I looked out my window earlier this week and saw a top banana.
His name is Carl Lindner, and his company has dominated world trade in bananas for a century.
He is upset because the European Union Market (EU) countries limited imports of his bananas in 1993.
He still dominates their banana markets with 20 percent of the imports.
I few weeks ago I looked out my window and saw no bananas and told you about the banana trade wars between our trade people and the EU.
I did not know Carl Lindner, of Cincinnati and a certified member of Forbes list of the 400 richest men in America since 1982, caused the war.
He grows bananas in several Central American countries, but no bananas in the United States.
It looks like he is the guy who started this banana trade war with huge political contributions.
Time calls fruit baron Lindner "The Top Banana."
I have to say, the first column was more an expression of my surprise that government would get involved in such a crazy trade war.
But, a reader sent me a long, well-researched article from the Feb.
7 Time Magazine that outlined the banana war with all the players, winners and losers, and the huge political contributions involved.
All at once a tongue-in-cheek column that I treated humorously got serious.
First, the top banana, Lindner, and his companies own 40 percent of the stock of Chiquita Brands International based in Cincinnati.
Chiquita controls 20 percent of the European market even with the import restrictions.
The $2.7 billion Chiquita Brands, the $4 billion American Financial Group Insurance Co.; The Provident Financial Group, a $8 billion bank holding company; and American Heritage Homes, one of Florida's largest home builders are part of the 80-year-old Lindner's business interests.
Lindner's partner in the Florida housing company is Terrence McAuliffe, described in the Time article as "king of the Democratic fund raisers" and called by Vice President Al Gore "the greatest fund raiser in the history of the universe."
Time reports $5.5 million in campaign contributions by Lindner, his family and business associates since beginning the banana wars in 1991.
Republicans and Democrats have each received a share of the money with support for both Clinton and Dole in the last presidential election.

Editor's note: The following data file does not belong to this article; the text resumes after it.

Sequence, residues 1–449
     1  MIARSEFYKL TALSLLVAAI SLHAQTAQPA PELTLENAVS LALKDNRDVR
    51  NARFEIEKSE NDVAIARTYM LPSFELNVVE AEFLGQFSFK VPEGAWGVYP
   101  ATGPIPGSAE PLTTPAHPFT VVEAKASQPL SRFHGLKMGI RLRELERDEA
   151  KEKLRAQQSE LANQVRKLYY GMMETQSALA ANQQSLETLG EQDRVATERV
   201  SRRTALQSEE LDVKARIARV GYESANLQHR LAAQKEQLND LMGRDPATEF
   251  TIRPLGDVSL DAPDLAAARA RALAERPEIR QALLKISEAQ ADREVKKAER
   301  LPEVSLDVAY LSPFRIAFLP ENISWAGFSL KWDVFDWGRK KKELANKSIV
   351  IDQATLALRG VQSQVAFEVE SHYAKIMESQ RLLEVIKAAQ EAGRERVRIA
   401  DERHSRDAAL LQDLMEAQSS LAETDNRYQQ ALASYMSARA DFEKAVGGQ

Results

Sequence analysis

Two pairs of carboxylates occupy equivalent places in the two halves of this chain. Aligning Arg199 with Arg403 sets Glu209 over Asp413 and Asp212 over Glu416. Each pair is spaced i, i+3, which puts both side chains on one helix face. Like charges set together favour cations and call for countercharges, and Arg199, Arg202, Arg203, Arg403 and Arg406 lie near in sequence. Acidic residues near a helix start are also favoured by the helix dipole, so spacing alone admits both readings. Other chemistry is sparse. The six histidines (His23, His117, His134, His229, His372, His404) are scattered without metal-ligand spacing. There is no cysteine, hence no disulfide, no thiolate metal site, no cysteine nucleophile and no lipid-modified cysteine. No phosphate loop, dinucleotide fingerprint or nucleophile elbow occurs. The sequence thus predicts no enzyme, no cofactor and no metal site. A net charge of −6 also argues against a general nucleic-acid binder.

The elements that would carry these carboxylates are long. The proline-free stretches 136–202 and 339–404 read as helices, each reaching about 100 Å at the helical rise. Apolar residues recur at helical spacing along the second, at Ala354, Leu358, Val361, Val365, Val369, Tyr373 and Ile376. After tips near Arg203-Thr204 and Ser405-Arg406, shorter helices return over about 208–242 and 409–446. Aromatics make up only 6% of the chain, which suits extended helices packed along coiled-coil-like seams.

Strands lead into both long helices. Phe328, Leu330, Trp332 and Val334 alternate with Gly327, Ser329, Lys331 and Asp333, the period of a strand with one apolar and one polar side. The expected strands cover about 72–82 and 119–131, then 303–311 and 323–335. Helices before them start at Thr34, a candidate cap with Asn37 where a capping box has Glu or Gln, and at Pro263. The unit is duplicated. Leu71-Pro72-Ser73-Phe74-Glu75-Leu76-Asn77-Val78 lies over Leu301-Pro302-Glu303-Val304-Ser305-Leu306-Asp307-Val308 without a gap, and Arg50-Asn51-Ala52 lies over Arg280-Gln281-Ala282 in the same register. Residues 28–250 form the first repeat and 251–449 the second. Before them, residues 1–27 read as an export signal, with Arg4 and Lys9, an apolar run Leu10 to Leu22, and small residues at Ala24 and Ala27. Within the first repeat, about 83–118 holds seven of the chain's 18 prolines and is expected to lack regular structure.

Only Clinton could offer a night in the Lincoln bedroom and access to the U.S.
The levying of 100 percent tariffs on selected European products imported to this country to get the banana rules changed marked a first for the U.S.
in trade negotiations.
This country had NEVER embarked on a trade war involving a manufactured product or an agricultural product that was NOT produced or manufactured in this country.
A 1994 U.S.
trade staff memo to U.S.
Trade Representative Mickey Kantor quoted by Time said "if initiated this investigation would break new ground, as this would be the first time USTR had ever used Section 301 in connection with a product not exported from the United States but from elsewhere."
Time describes the old United Fruit Co., now Chiquita since Lindner bought in, as "a ruthless buccaneer that earned a justifiable reputation as a tyrant that bribed officials, used armed forces to keep workers in line and generally mistreated its thousands of dirt-poor laborers.
Many of the bananas are grown in Central America-Honduras, Coast Rica, Panama and Guatemala and Caribbean islands.
The small business importers of the products targeted were surprised when the import duties showed up.
Timothy Dove, owner of special battery importing Action battery, got hit with a $200,000 bill.
Arthur Chaplain's Galaxy of Graphics quit importing a line of picture prints from England when the 100 percent import duties priced the product out of his market.
Rick Reinert's Reha Enterprises had selected bath oils and soaps hit with the 100 percent tariff to "punish" countries that were restricting Lindner's banana imports, even as Chiquita still controlled 20 percent of the European banana market!
Companies like Mercedes, Gillette's ball point pens, Mattell's dolls and fur products were successful in lobbying efforts to keep products off the "hit list."
The banana wars are still going on hurting our small business and pulling a lot of money into political donations.
Europe has made no changes and the World Trade Organization ruled that the U.
acted illegally imposing the 100 percent tariffs.
At this point, there is no end in sight.
Makes me wonder about a lot of "free enterprise" and "law of supply and demand" talk I hear in oil, gas and electricity markets.
As I look out my window at the mountains and sunsets, I am thinking about an old cliché.
"Money still talks and big money talks even better."